The foreign employees in Meiji Japan, known in Japanese as O-yatoi Gaikokujin (Kyūjitai: 御雇い外國人, Shinjitai: 御雇い外国人, "hired foreigners"), were hired by the Japanese government and municipalities for their specialized knowledge and skill to assist in the modernization of the Meiji period. The term came from Yatoi (a person hired temporarily, a day laborer), was politely applied for hired foreigner as O-yatoi gaikokujin.
The total number is over 2,000, probably reaches 3,000 (with thousands more in the private sector). Until 1899, more than 800 hired foreign experts continued to be employed by the government, and many others were employed privately. Their occupation varied, ranging from high salaried government advisors, college professors and instructor, to ordinary salaried technicians.
Along the process of the opening of the country, the Tokugawa Shogunate government first hired, German diplomat Philipp Franz von Siebold as diplomatic advisor, Dutch naval engineer Hendrik Hardes for Nagasaki Arsenal and Willem Johan Cornelis, Ridder Huijssen van Kattendijke for Nagasaki Naval Training Center, French naval engineer François Léonce Verny for Yokosuka Naval Arsenal, and British civil engineer Richard Henry Brunton. Most of the O-yatoi was appointed through government approval with two or three years contract, and took their responsibility properly in Japan, except some cases.
As the Public Works hired almost 40% of the total number of the O-yatois, the main goal in hiring the O-yatois was to obtain transfers of technology and advice on systems and cultural ways. Therefore, young Japanese officers gradually took over the post of the O-yatoi after they completed training and education at the Imperial College, Tokyo, the Imperial College of Engineering or studying abroad.
The O-yatois were highly paid; in 1874, they numbered 520 men, at which time their salaries came to ¥2.272 million, or 33.7 percent of the national annual budget. The salary system was equivalent to the British India, for instance, the chief engineer of the British India's Public Works was paid 2,500 Rs/month which was almost same as 1,000 Yen, salary of Thomas William Kinder, superintendent of the Osaka Mint in 1870.
Despite the value they provided in the modernization of Japan, the Japanese government did not consider it prudent for them to settle in Japan permanently. After the contract terminated, most of them returned to their country except some, like Josiah Conder and William Kinninmond Burton.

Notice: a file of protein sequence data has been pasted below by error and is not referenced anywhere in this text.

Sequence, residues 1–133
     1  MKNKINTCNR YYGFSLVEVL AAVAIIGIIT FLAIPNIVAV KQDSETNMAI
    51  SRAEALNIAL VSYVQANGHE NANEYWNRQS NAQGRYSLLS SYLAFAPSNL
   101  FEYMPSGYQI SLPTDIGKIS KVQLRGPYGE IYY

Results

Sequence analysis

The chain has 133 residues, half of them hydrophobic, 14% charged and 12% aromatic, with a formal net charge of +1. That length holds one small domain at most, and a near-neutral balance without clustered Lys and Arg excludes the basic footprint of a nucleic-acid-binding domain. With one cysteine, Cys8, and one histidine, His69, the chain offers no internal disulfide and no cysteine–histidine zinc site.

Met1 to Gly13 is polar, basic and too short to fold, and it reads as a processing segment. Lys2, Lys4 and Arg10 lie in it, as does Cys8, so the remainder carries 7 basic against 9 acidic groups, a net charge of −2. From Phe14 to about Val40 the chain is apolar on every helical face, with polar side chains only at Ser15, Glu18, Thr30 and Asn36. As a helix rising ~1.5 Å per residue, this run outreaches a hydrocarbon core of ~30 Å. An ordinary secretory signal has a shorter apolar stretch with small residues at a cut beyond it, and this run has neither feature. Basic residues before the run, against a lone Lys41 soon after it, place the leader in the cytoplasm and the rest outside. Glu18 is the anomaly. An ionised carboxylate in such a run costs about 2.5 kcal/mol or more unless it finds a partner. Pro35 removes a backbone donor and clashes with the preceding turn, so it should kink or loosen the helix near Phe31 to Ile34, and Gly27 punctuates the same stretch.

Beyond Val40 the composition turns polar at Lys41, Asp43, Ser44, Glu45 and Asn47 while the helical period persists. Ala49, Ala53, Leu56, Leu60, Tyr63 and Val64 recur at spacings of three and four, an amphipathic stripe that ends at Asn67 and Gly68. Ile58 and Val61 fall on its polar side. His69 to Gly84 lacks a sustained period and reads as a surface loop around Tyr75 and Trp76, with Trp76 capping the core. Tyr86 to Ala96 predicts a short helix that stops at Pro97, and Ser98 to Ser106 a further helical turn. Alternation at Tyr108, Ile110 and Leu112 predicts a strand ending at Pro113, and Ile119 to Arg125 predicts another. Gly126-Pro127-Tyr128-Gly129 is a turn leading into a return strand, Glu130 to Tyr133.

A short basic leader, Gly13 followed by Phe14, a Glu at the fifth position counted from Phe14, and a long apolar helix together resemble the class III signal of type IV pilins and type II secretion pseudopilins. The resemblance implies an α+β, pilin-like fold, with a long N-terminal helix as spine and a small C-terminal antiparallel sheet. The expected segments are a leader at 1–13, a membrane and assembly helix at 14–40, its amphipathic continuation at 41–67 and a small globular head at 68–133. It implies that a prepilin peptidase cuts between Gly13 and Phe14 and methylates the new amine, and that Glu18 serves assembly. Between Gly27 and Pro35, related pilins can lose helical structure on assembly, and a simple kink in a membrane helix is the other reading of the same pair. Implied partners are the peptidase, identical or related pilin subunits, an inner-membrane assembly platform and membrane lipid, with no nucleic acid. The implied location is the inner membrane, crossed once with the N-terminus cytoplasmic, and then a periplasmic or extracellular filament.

The system was officially terminated in 1899 when extraterritoriality came to an end in Japan. Nevertheless, similar employment of foreigners persists in Japan, particularly within the national education system and professional sports.
Notable O-yatoi gaikokujin
Law, administration, and economics
- Georges Appert, legal scholar
- Gustave Emile Boissonade, legal scholar
- Hermann Roesler, jurist and economist
- Georg Michaelis, jurist
- Albert Mosse, jurist
- Otfried Nippold, jurist
- Heinrich Waentig, economist and jurist
- Georges Hilaire Bousquet, legal scholar
- Horatio Nelson Lay, railway developer
- Alexander Allan Shand, monetary
- Henry Willard Denison, diplomat
- Karl Rathgen, economist
- Jules Brunet, artillery officer
- Léonce Verny, constructor of the Yokosuka Naval Arsenal
- Klemens Wilhelm Jakob Meckel, Army instructor
- James R. Wasson, Civil engineer and teacher, army engineer
- Douglas R. Cassel, Naval instructor
- Henry Walton Grinnell, Navy instructor
- José Luis Ceacero Inguanzo, Navy instructor
- Charles Dickinson West, naval architect
- Henry Spencer Palmer, military engineer
- Archibald Lucius Douglas, Naval instructor
Natural science and mathematics
- William Edward Ayrton, physicist
- Thomas Corwin Mendenhall, physicist
- Edward S. Morse, zoologist
- Charles Otis Whitman, zoologist, successor of Edward S. Morse
- Heinrich Edmund Naumann, geologist
- Curt Netto, metallurgist
- Sir James Alfred Ewing, physicist and engineer who founded Japanese seismology
- Cargill Gilston Knott, succeeding J.A. Ewing
- Benjamin Smith Lyman, mining engineer
- William P. Brooks, agriculture
- Richard Henry Brunton, builder of lighthouses
- Charles Alfred Chastel de Boinville, architect
- Josiah Conder, architect
- William Kinnimond Burton, engineering, architecture, photography
- Horace Capron, agriculture, road construction
- Henry Dyer, engineering education
- Hermann Ende, architect
- François Perregaux, mechanical watchmaker
- Albert Favre Zanuti, mechanical watchmaker
- George Arnold Escher, civil engineer
- John G.H. Godfrey, geologist, mining engineer
- John Milne, geologist, seismologist
- Colin Alexander McVean, civil engineer
- Edmund Morel, civil engineer
- Johannis de Rijke, civil engineer, flood control, river projects
- John Alexander Low Waddell, bridge engineer
- Thomas James Waters, civil engineer
- William Gowland, mining engineer, archaeologist
- James Favre-Brandt, mechanical watchmaker
- Jean Francisque Coignet, mining engineer
- Henry Scharbau, cartographer
- Wilhelm Böckmann, architect
- Anthonie Rouwenhorst Mulder, civil engineer, rivers and ports
Art and music
Liberal arts, humanities and education
- Alice Mabel Bacon, pedagoge
- Basil Hall Chamberlain, Japanologist and Professor of Japanese
- James Summers, English literature
- Lafcadio Hearn, Japanologist
- Viktor Holtz, educator
- Raphael von Koeber, philosopher and musician
- Ludwig Riess, historian
- Leroy Lansing Janes, educator, missionary
- Marion McCarrell Scott, educator
- Edward Bramwell Clarke, educator
- David Murray, educator
- ^ James Curtis Hepburn, Japanese-English and English-Japanese Dictionary, 1873.
- ^ Hardy's Case, The Japan Weekly Mail, January 4 1875.
- ^ A Table of Salary of D.P.W. of the British India, The Engineer, January 29, 1869.
- ^ Bibliotheque Nationale de France (BnF), Appert, Georges (1850-1934); retrieved 2013-4-2.
- ^ "Georg Michaelis" at Archontology.org; retrieved 2013-4-4.